Axiomatic PC, developed and published by Ten Ninjas.
The Good: Spectacular graphics, realistic physics
The Not So Good: Very few features
What say you? A space shooter with great graphics that needs some additional modes of play: 5/8
POORLY WRITTEN INTRODUCTION
In the future, or so I gather from the numerous movies, television shows, and games that have covered the subject, we will live in space-age cities on far away planets and spend our days blowing the crap out of each other. Axiomatic is a spaceship shooter that involves skirmishes between ships of various classes in a grand battle of map domination. Let’s peer inside, shall we?
GRAPHICS AND SOUND
Easily the best feature of Axiomatic is the graphics. They are top-notch representations of a colorful solar system, complete with beautiful background, detailed ship models, and powerful weapons and explosions. However, there is a lack of environmental objects other than the ships. They are certainly a wonder to see in action, even if numerous ships can slow down your system. The sounds are also well done, with appropriate background spacey music and convincing explosion effects. Axiomatic could be confused with a technology demo for its amazing graphical feats.
Now, what surrounds the astonishing graphics engine? Sadly, not much. Axiomatic seems to be a work in progress; although there is a cost associated with the full version at this point, most small developers have good support and enhancements for their games. In the game, there are three ships to choose from: the fast and small Trifighter with plasma cannons and short range missiles, the long-range biased Thunderbolt, and the Starfire destroyer, with steroid-induced plasma cannons and missiles. You can play the game in either Survival or Skirmish modes. In either, you can choose how many friendly ships you have for your side, and Skirmish mode allows you to customize the enemy’s fleet (Survival mode just pits you against a whole bunch of enemies at once). You can also change the difficulty and the background environment, of which there are five. Once the game starts, you can select which ship to control for the match, and then the battle begins. Axiomatic does feature some appealing Newtonian physics: ships with spin and roll when hit with weapons, which makes recovering from an attack appropriately difficult. And that’s it: three ships and two similar games modes. There is room for the addition of more game types. For example, a “campaign” mode where you fought stronger and stronger enemies could be an easy addition to the game, and a high score list could be kept to add an edge of competition. Although maybe beyond the scope of this particular game, multiplayer could be a strong addendum; imagine six on six battles between ships of different classes dueling for dominance.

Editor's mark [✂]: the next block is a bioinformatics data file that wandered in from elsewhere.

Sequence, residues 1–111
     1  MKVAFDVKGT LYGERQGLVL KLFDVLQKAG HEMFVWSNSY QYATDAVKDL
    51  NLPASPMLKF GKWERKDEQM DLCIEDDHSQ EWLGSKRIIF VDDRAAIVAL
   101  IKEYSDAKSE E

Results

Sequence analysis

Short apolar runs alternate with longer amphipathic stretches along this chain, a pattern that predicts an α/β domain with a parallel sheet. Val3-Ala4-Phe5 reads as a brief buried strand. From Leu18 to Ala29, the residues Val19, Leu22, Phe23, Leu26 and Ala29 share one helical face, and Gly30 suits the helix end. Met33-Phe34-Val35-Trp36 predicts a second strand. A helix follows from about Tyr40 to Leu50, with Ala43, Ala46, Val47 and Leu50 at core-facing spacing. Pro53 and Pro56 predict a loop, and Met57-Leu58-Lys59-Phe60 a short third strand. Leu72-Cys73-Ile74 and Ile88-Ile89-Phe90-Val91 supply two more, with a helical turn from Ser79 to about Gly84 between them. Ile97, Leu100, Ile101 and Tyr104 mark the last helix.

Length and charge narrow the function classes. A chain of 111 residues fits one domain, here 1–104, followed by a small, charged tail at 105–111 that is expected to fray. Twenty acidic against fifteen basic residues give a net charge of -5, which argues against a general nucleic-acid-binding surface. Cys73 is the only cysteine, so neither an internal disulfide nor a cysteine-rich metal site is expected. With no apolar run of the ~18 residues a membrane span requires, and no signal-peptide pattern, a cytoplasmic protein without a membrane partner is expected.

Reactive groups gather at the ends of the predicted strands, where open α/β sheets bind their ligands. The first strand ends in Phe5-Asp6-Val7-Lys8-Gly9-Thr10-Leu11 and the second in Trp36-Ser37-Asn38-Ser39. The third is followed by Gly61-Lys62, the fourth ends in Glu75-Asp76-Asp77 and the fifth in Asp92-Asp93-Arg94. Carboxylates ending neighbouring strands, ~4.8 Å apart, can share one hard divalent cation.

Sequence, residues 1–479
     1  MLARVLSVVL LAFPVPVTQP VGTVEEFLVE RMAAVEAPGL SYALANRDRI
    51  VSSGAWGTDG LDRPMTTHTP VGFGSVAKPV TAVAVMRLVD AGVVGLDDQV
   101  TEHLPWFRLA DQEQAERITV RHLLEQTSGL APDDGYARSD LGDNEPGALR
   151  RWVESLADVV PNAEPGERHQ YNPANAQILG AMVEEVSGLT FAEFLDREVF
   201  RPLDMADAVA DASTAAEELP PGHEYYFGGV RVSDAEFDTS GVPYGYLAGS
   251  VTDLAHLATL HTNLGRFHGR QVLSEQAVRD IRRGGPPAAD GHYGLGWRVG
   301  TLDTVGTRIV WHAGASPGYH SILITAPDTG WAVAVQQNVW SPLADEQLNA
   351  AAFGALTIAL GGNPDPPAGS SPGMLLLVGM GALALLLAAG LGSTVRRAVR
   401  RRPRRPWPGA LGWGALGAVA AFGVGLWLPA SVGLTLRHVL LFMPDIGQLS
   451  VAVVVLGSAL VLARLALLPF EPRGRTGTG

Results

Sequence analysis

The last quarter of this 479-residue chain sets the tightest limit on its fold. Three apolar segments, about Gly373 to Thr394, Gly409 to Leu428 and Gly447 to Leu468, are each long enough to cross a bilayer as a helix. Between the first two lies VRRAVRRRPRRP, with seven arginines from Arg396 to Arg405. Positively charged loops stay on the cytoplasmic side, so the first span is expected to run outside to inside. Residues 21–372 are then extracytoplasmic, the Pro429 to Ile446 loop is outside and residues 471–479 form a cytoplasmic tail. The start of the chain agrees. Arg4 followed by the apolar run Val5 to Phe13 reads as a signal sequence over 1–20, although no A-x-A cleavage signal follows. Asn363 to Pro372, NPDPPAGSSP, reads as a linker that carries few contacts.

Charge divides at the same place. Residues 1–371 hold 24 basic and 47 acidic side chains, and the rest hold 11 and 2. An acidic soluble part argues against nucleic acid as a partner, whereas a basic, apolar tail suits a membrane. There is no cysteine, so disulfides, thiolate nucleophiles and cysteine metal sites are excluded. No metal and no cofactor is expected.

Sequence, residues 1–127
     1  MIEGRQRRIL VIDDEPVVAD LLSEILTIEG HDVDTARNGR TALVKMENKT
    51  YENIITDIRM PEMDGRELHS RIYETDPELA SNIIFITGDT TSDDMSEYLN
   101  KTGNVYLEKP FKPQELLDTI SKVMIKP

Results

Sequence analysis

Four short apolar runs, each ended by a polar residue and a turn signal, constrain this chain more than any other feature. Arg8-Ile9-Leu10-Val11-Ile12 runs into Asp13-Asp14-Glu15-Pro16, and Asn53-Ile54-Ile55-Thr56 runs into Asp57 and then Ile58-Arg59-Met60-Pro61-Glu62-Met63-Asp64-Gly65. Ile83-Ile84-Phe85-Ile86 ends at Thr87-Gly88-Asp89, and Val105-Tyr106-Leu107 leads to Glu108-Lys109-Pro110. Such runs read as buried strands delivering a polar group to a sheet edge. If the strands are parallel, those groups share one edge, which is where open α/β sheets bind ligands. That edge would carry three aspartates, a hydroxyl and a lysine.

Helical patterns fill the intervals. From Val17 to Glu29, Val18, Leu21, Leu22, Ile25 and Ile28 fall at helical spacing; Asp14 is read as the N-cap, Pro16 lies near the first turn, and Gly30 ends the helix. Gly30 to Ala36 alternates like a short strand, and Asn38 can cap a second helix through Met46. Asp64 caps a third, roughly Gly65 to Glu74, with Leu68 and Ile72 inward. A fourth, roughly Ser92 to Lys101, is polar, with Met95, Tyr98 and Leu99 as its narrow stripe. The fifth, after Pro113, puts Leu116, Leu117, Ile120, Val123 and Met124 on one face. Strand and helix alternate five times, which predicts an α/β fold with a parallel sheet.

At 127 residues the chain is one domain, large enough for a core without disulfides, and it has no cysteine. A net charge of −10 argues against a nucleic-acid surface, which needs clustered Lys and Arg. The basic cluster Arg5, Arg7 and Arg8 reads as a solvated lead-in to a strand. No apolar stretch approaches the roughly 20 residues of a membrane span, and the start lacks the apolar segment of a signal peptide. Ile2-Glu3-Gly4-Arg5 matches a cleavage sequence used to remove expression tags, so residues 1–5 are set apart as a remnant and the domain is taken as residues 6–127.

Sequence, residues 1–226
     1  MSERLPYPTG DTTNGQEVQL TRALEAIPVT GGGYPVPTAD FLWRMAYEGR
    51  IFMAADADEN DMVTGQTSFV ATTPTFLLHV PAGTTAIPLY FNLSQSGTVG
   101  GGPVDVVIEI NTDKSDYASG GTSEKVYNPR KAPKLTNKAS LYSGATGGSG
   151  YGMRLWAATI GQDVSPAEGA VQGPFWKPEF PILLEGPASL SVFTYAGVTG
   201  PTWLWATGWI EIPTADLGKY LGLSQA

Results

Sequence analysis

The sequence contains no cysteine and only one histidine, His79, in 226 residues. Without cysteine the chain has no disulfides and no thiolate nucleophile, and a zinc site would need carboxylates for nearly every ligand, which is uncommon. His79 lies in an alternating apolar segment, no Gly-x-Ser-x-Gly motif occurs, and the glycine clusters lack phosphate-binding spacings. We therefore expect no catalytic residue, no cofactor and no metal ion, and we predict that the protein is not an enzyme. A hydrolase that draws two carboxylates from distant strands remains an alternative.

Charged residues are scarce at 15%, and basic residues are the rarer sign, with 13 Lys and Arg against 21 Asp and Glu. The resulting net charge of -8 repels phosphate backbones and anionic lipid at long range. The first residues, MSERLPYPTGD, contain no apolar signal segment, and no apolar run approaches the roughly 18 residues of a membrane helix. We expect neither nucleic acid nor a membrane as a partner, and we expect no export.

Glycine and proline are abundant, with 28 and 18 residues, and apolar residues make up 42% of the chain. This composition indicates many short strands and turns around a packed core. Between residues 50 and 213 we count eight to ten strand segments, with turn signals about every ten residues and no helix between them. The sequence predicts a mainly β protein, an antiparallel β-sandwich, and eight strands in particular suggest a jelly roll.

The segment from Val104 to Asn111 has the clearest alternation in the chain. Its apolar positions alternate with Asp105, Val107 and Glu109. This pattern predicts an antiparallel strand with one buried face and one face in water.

As it stands, Axiomatic is a game with fantastic graphics and a partial list of features. Hopefully, the developer will eventually add some more substance to the game. I usually give some leniency to small developers, and Axiomatic surely has potential to be a great game, but not at this time with the basic features the game has. The graphics are impressive, but there could definitely have been more done with them.